Star 45

Star 45

Sunday, December 17, 2006

Tank Notes on International Star Boats (1/3 size models)

Tank Notes on Star Boats: "ROUND chines add another complication to getting speed from a hull. This bad feature is an extension of the range in which burble will appear. In the wake of any transom-sterned boat, a severe agitation of the water may be noticed, an indication that a breakdown is occurring in the flow of water under the boat. When water is released from the transom properly, the burble that means an increase in resistance is not present. However, it is possible to run without burble only above and below definite speeds, the range depending on the lines of the boat. But, also, the shape of the chine has some effect. With a square-chined Star, it is safe to say that the burble will appear at about 5 knots and run clear aft at about 6 1/2 knots (when the boat is upright and on the designed trim). Increasing the bilge radius to 3 inches, on a Star, increases the burble range by dropping the lower limit to 4 1/2 knots and by raising the upper limit to 7 1/2 knots. Also, a model with round chines, when running heeled, begins to climb out of the water forward as the speed increases, the round chine acting as a flat surface on which the model tries to plane. To complete the analysis, it is necessary to go back to sharp-chined heeled models, in which the burble range is from 4 1/2 to 6 1/2 knots.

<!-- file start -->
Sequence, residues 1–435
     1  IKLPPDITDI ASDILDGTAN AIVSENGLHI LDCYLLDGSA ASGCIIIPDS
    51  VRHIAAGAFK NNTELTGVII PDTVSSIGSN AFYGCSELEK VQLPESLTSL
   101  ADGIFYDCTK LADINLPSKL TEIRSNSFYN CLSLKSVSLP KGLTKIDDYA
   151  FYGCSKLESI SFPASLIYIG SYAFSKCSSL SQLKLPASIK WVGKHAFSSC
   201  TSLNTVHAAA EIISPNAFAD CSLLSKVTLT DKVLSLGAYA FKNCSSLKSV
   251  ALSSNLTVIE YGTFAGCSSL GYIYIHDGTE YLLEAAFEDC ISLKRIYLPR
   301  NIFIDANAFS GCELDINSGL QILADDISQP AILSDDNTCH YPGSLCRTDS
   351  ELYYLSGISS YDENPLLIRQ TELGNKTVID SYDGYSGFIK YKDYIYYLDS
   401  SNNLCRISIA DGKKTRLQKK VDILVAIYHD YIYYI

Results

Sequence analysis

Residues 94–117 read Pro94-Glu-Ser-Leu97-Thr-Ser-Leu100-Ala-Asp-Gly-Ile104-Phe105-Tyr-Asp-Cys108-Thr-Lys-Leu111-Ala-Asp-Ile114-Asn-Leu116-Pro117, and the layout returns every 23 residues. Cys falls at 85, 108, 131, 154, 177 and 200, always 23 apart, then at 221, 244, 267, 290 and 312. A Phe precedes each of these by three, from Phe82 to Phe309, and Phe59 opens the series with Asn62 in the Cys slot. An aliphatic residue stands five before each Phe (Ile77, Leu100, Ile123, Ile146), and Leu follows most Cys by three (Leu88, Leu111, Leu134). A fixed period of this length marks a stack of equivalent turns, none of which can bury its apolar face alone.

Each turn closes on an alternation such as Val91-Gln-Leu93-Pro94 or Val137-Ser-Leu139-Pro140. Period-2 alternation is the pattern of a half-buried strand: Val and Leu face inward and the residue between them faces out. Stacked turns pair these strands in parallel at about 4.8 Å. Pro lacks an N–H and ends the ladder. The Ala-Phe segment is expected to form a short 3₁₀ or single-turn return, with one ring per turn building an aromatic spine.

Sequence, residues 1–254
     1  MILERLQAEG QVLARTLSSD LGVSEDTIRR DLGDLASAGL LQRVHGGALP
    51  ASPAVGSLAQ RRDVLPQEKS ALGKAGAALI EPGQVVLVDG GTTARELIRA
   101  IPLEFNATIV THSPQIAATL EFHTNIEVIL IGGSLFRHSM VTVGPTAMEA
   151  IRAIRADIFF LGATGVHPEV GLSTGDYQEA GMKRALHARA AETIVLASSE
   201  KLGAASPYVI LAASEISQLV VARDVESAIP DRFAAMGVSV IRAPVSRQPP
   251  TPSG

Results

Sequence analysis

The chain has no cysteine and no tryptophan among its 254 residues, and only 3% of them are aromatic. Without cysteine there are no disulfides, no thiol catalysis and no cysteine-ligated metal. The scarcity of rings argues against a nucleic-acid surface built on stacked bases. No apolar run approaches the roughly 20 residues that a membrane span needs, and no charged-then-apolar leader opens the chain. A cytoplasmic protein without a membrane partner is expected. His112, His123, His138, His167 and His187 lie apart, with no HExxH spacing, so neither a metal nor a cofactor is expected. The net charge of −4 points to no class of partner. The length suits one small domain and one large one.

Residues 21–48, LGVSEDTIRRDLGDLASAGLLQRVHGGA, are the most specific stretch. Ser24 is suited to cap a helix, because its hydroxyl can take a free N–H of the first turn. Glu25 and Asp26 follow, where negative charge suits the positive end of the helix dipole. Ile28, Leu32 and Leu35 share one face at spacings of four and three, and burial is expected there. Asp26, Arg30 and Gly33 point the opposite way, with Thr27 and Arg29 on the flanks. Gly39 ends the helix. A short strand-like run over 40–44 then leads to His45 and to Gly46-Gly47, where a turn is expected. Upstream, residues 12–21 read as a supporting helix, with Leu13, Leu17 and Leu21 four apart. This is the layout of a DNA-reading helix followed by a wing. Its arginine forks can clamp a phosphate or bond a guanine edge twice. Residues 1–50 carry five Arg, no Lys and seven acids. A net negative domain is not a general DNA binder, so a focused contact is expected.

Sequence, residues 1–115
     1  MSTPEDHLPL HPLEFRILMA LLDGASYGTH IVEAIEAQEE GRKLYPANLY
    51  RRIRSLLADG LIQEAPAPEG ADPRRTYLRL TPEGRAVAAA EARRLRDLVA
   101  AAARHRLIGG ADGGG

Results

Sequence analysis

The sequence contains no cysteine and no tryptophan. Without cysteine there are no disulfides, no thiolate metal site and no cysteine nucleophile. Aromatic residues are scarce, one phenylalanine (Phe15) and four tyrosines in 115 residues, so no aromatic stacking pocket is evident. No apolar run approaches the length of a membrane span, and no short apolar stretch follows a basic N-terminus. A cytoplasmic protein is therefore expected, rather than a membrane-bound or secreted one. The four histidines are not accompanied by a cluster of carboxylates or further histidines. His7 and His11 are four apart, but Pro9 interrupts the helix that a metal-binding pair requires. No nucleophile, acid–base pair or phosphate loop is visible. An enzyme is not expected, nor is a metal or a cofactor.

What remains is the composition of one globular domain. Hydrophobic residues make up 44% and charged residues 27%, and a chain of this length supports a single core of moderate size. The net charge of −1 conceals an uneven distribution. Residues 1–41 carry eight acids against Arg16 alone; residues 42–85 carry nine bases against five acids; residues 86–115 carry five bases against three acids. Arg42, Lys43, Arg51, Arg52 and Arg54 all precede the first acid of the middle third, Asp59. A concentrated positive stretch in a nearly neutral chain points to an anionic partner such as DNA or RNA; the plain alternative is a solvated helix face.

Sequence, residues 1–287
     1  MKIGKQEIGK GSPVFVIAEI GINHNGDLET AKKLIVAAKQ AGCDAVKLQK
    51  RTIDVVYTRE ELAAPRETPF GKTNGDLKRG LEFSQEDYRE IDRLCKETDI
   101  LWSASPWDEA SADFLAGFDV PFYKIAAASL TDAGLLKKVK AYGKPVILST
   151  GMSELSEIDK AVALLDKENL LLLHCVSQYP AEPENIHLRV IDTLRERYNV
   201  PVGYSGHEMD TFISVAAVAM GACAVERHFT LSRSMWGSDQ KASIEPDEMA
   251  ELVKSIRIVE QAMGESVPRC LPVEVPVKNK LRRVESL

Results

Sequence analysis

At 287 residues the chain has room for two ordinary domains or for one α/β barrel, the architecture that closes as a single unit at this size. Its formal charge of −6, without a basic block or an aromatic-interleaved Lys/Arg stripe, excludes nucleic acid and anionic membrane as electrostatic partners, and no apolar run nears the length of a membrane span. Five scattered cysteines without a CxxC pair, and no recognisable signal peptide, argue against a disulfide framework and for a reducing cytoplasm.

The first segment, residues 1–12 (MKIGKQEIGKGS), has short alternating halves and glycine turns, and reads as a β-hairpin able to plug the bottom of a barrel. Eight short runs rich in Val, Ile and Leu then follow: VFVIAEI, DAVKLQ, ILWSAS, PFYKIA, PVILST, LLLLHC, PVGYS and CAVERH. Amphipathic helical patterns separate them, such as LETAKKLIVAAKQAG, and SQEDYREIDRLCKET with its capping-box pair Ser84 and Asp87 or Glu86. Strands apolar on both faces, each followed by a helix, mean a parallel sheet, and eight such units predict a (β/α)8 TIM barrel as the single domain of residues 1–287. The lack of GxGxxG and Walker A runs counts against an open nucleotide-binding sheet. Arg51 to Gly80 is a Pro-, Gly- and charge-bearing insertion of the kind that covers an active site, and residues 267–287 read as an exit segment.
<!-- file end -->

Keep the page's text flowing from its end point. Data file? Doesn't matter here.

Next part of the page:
With the sharp-chined models, there was no indication that the bow tried to rise, a further proof that the sharp entrance angles are imperative. The easiest way to decrease the burble range is to trim the boat by the head and, conversely, the handicap of a trim by the stern is that it will cause the water to break away from the transom at speeds lower than normal. Under all conditions except that of a rounded chine, the burble range increases by dropping the lower limit; the upper limit is quite constant, being 6 1/2 knots. Interestingly, that is approximately the speed at which some styles of Star hulls show the first signs of planing.

In summary, it can be said that many Star boat owners might have had a faster boat than the standard Star because:
1. The fore and aft contour of the boat had been flattened and a large decrease in resistance accrued.
2. The boat was sailed down by the head, at least while running, which would give a 12 per cent decrease in the power required to drive her.
3. Square chines might have been used, which mean a decrease in resistance.

Although this work was done directly on Stars, the information is also applicable to other types of square-chined boats. But it must always be remembered that, even though a skipper have all the information in the world and his boat has an enviable heritage from designer and builder, the combination must sail hard to be a winner."

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